Take it from me, humility isn't about shying away from your talents or making your expertise invisible. It's really about being clear-eyed about what you know and can do, and yet, not getting complacent about it - acknowledging that there's a world out there you still need to discover. It’s all about maintaining equilibrium. It's like walking a tightrope. On one side, you're showing your team the ropes, leaning into your experience. On the other, you're learning new ropes yourself, keeping your ears to the ground, growing every single day.
Strategies to strike this balance might include actively seeking feedback, making room for self-reflection, and being open to alternate ideas and viewpoints. This kind of balanced leadership not only enhances your credibility but also encourages an open, collaborative environment.
Stepping Up with Confidence
Gaining confidence is often a journey, not a given. It’s interwoven with acknowledging and leveraging our personal expertise. Let's shift our perspectives: see every new experience as an opportunity to learn, to apply our skills, and to evolve. Rather than being obstacles, challenges become growth accelerators. Mistakes aren't signals of incompetence but are valuable lessons in our growth story.
Your ability to make decisions also influences your confidence. Leadership often involves making calls that may not be universally liked, but when they're thoughtful, informed decisions, respect will follow.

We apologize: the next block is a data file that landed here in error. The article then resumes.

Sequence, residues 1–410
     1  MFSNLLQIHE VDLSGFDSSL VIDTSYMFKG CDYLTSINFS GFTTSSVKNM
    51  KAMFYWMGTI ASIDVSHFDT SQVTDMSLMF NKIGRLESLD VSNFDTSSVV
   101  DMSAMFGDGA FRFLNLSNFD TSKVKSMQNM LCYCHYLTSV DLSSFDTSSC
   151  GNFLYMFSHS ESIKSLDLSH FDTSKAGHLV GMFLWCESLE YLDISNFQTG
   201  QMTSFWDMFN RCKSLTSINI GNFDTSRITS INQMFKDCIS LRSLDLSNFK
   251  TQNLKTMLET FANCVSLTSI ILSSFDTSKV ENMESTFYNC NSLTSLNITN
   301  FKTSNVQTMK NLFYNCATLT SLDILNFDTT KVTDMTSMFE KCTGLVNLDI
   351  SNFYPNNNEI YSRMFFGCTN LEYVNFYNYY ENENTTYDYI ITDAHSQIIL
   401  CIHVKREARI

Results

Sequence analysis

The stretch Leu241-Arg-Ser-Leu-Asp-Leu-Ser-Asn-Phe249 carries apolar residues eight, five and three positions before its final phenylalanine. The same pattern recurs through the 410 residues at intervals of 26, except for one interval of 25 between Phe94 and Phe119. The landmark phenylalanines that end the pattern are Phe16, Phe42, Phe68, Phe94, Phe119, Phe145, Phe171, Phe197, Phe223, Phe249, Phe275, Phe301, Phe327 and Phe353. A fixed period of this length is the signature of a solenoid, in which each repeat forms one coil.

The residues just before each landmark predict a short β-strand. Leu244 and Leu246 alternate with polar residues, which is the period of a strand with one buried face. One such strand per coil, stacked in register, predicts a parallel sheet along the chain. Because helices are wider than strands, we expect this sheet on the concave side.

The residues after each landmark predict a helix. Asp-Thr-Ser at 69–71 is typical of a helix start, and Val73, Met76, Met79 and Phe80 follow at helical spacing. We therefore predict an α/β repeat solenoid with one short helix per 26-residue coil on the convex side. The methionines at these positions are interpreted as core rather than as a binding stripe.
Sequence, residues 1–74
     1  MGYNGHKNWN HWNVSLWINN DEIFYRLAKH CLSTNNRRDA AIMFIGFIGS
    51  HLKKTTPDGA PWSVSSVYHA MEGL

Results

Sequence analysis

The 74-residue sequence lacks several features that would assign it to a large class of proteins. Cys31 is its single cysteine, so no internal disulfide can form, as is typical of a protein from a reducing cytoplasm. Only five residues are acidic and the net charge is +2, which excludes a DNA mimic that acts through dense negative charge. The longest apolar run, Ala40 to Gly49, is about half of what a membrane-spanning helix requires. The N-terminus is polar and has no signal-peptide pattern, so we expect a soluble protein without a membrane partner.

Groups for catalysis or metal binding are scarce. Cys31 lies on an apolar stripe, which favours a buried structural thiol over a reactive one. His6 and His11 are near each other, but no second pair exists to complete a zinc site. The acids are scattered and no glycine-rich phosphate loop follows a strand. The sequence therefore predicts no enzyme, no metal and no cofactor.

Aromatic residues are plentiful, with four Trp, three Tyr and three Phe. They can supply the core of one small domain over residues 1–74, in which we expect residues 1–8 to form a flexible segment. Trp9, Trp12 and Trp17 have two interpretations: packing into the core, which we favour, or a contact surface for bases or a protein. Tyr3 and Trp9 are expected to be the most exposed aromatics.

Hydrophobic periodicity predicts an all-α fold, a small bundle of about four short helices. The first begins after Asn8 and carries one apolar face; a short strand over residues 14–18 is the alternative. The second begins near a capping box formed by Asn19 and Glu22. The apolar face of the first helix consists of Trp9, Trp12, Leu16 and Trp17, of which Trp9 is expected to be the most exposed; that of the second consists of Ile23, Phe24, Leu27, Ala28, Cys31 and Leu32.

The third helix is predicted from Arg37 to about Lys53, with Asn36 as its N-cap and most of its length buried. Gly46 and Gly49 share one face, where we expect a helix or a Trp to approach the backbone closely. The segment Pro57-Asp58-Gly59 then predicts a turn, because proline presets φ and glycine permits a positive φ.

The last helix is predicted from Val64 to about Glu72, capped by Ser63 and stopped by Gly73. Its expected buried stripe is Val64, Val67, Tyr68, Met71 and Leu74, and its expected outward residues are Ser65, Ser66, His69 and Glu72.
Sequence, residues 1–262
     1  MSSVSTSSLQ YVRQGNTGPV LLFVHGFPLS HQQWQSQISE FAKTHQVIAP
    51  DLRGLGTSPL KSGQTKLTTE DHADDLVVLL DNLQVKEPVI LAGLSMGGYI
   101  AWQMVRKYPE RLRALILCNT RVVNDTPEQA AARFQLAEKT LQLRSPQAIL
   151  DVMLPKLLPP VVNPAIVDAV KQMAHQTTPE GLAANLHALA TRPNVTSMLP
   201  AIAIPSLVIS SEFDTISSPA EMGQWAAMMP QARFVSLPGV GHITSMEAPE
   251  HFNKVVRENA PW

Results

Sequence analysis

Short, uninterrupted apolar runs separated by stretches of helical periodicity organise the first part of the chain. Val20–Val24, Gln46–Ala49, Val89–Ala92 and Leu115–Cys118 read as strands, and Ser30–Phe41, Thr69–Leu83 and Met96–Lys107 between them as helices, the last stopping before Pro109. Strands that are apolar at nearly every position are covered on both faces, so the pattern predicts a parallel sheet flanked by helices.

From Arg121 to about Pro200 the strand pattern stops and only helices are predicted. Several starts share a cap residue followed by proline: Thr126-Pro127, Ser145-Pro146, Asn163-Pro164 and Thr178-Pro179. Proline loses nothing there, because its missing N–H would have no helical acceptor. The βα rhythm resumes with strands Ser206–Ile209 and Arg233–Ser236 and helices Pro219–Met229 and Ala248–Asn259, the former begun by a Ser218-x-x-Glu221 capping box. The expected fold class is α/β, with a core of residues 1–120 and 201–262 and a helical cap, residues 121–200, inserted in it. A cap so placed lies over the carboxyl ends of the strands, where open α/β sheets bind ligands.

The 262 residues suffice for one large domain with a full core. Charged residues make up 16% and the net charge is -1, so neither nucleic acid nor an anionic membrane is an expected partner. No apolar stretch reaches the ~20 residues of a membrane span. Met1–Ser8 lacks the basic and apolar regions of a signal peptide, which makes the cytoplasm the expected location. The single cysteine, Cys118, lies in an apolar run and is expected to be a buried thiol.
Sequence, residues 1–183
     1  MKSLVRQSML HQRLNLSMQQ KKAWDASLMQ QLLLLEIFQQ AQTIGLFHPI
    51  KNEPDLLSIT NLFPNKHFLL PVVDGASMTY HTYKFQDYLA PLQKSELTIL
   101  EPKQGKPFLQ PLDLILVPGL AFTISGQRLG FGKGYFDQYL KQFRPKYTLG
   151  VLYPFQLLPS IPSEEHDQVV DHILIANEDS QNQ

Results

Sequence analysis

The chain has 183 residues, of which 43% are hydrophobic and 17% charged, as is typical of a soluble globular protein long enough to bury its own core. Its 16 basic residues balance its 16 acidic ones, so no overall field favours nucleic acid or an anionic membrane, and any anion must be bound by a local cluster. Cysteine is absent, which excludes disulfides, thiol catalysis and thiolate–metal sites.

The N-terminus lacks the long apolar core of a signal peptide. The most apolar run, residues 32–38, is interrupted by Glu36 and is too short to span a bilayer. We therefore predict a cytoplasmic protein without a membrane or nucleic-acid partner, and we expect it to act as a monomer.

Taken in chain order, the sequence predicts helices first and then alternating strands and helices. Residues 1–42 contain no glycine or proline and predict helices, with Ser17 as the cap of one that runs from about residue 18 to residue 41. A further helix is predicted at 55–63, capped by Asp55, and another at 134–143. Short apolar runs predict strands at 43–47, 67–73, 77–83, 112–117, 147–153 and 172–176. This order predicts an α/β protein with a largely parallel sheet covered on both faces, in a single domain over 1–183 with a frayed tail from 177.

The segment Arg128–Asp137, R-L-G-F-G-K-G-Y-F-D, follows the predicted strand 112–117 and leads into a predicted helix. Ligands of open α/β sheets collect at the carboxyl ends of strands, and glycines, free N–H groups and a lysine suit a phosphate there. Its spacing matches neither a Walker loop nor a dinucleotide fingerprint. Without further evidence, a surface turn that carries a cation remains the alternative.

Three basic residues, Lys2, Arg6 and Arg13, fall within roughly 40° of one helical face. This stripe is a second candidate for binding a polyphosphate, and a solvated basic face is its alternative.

Owning Your Expertise Responsibly
It's crucial to remember that owning your expertise is not about overshadowing others or disregarding their input. I encourage you to use your expertise to foster growth for yourself and others, inspire confidence, and drive success. Be generous with your expertise. Choose to be a light of knowledge that illuminates the path for others, rather than a spotlight that blinds them.
As I wrap up this blog, I invite you to reflect on your habitual behavior. Do you own your expertise, or do you tend to hide it behind a veil of extreme humility?
Increasing your self-awareness about these aspects is a worthwhile goal for long-term development, and one that coaching can significantly help with. By seeking the guidance of a coach, you can gain valuable insights into your strengths and areas for growth, and work towards striking that perfect balance between humility and confidence.
Owning your expertise is a journey, a continuous process of learning, growing, and improving not just a responsibility; and it's indeed your responsibility. And it's a journey well worth embarking upon, as the rewards — in terms of personal growth, team success, and organizational impact — can be truly transformative. Happy journeying!